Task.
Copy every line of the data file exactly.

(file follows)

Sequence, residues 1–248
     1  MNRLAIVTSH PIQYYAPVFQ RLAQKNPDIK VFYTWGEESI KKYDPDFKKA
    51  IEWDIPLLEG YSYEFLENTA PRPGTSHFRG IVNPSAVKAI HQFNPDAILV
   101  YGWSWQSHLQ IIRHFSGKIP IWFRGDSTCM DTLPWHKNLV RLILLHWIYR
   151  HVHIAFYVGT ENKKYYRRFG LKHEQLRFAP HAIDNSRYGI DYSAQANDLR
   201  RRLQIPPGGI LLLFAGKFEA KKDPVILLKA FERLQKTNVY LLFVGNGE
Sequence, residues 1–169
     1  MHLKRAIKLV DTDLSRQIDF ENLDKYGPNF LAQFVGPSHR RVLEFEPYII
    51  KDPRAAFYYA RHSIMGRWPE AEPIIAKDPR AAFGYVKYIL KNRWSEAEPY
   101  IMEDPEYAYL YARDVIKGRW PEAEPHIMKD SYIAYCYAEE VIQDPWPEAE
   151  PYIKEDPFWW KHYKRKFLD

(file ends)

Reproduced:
Sequence, residues 1–248
     1  MNRLAIVTSH PIQYYAPVFQ RLAQKNPDIK VFYTWGEESI KKYDPDFKKA
    51  IEWDIPLLEG YSYEFLENTA PRPGTSHFRG IVNPSAVKAI HQFNPDAILV
   101  YGWSWQSHLQ IIRHFSGKIP IWFRGDSTCM DTLPWHKNLV RLILLHWIYR
   151  HVHIAFYVGT ENKKYYRRFG LKHEQLRFAP HAIDNSRYGI DYSAQANDLR
   201  RRLQIPPGGI LLLFAGKFEA KKDPVILLKA FERLQKTNVY LLFVGNGE
Sequence, residues 1–169
     1  MHLKRAIKLV DTDLSRQIDF ENLDKYGPNF LAQFVGPSHR RVLEFEPYII
    51  KDPRAAFYYA RHSIMGRWPE AEPIIAKDPR AAFGYVKYIL KNRWSEAEPY
   101  IMEDPEYAYL YARDVIKGRW PEAEPHIMKD SYIAYCYAEE VIQDPWPEAE
   151  PYIKEDPFWW KHYKRKFLD